New US President Joe Biden has been urged to abandon a ‘devastating’ migration scheme which activists say has exposed tens of thousands of asylum seekers – many of them children – to violence, kidnappings and rape in some of the world’s most dangerous cities. .
The Trump administration created the “Remain in Mexico” program in January 2019 in an effort to deter asylum seekers trying to enter the United States through the southern border.
The initiative – which is officially called the Migrant Protection Protocols (MPP) – stipulated that asylum seekers should wait for their hearings in Mexican border towns such as Ciudad Juárez, Mexicali and Matamoros, and not in the United States. as before.
But activists said it exposed highly vulnerable migrants, mostly from Central and South America, to physical injury and disease in an unfamiliar and dangerous environment with some of the highest murder rates on Earth. .
In a report published on Wednesday, Human Rights Watch described how Trump’s policy “unnecessarily and predictably exposes [asylum seekers] at a considerable risk of serious harm”.
The group said those interviewed for its report, including children, “described rape or attempted rape and other sexual assaults, kidnapping for ransom, extortion, armed robbery and other crimes committed against them”.
“In some cases, immigration agents or Mexican police have committed these crimes,” the group added.
Michael Garcia Bochenek, senior adviser for children’s rights at Human Rights Watch, said his researchers had heard “really devastating” testimonies from asylum seekers about their plight in Mexico. He said the interviews left him impressed with the resilience of those affected but “completely devastated by what the US government was doing to people”.
“The truly shocking thing given consistent reports A really, really serious risk for people placed in the MPP – or returned to Mexico after attending hearings in the United States – is that US authorities have continued to place people in the MPP, including during the pandemic, and always refused to take people out of [program] when they present proof of such damage,” Bochenek said.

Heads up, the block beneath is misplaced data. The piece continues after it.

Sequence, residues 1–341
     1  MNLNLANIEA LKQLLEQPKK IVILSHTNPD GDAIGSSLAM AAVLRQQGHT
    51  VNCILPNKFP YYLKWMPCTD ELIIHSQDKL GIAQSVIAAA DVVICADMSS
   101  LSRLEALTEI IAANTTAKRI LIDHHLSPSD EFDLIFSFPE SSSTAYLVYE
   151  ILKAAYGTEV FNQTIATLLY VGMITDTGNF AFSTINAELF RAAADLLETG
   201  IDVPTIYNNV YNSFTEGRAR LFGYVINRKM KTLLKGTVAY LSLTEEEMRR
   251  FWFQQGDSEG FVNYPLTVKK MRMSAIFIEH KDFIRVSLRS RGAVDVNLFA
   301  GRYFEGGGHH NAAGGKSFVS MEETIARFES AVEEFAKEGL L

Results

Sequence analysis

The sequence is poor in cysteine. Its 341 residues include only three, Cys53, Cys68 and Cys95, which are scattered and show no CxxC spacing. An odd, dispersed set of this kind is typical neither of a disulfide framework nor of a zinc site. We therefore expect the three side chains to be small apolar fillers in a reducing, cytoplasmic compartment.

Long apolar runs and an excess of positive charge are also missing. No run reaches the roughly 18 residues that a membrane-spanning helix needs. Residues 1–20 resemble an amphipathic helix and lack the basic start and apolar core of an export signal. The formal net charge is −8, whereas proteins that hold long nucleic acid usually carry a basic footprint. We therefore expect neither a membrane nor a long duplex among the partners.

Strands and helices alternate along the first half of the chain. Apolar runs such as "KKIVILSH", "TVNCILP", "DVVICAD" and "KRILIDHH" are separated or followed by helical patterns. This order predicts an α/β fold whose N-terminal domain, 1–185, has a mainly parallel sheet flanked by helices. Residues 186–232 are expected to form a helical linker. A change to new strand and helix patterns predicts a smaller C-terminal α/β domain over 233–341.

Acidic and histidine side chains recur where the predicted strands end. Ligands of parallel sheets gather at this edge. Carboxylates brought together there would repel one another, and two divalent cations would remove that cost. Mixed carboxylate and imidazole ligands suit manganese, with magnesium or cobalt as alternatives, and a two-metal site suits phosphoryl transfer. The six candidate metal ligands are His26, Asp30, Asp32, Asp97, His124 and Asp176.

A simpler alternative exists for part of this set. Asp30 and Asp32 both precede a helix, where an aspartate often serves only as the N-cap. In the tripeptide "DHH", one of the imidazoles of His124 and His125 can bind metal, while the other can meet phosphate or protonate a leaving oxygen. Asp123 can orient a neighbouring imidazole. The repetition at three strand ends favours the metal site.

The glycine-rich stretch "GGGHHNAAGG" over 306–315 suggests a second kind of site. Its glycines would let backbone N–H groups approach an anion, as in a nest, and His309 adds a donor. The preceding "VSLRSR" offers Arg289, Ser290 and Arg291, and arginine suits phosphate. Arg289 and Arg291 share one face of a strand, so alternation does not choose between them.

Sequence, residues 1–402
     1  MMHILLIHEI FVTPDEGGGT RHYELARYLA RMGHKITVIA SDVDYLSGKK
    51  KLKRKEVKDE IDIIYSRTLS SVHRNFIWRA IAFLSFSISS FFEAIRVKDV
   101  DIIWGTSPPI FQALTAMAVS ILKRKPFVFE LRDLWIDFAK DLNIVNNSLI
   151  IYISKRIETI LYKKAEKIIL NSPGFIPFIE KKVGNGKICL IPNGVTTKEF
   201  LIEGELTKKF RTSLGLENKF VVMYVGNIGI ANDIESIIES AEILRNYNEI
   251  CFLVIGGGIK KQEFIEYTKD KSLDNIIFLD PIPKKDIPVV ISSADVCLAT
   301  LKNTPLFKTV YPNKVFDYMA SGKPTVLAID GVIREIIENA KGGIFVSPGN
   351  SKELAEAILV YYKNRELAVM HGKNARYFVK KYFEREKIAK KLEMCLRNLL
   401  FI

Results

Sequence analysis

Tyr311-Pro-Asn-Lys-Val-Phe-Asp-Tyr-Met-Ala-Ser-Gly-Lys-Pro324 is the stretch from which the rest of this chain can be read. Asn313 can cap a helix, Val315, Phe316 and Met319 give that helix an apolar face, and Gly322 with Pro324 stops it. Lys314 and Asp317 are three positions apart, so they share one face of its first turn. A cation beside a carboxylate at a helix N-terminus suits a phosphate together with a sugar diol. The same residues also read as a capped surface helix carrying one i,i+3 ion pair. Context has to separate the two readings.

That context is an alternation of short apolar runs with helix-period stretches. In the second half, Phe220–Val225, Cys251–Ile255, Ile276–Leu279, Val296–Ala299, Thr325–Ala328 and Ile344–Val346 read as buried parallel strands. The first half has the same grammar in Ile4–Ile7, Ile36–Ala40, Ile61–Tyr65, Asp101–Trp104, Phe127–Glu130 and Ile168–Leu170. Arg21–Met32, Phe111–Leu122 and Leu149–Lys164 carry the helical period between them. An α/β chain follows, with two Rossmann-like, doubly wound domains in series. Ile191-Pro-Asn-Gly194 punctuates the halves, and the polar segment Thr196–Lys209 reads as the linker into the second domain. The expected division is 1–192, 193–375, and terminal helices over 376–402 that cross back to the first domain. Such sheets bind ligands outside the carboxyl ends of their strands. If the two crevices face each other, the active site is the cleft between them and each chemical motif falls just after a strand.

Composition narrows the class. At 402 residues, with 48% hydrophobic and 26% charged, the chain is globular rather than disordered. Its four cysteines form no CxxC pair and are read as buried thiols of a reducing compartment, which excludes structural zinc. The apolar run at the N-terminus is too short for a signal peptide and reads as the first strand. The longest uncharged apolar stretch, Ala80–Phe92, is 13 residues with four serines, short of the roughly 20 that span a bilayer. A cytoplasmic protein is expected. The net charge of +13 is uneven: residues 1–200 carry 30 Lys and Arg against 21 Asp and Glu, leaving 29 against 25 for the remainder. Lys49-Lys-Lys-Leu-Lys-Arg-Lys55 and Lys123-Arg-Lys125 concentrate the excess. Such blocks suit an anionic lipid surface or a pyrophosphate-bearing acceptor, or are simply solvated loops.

“I can’t help but draw parallels with other contexts I’ve seen,” he added, citing Australia’s longer-term offshore detention scheme.
“There is a similarity there. The offloading of people who only travel to a country to seek safety – and not just offloading them, but deliberately, or at least knowingly subjecting them to harm.
Donald Trump has championed policies such as Stay in Mexico – which has sent more than 69,000 people across the border, sometimes into ramshackle refugee camps – as a way to protect American citizens from “thugs” and “bad men”.
Biden pledged to drop the program but, apparently fearful of triggering a sudden surge in border arrivals, members of his transition team sought to lower expectations to do so immediately.
In a recent interview With Spanish news agency Efe, Biden’s domestic policy adviser Susan Rice said: “Migrants and asylum seekers absolutely shouldn’t Believe those in the area who peddle the idea that the border will suddenly be fully open to process everyone on Day 1. It won’t.
Biden’s national security adviser, Jake Sullivan, told Efe that Staying in Mexico had “been a disaster from the start and has led to a humanitarian crisis in northern Mexico.” “But putting the new policy into practice will take time,” he added.
Bochenek said activists don’t want to see “a border rush” after Biden takes office. “But it is reasonable to expect a controlled and orderly liquidation of the [MPP] system.
“It doesn’t need to take months. It can be done in a relatively short time with proper planning,” he said. “I hope we can take the [Biden] campaign promises at face value and see the kind of orderly but quick end to the program we hope for.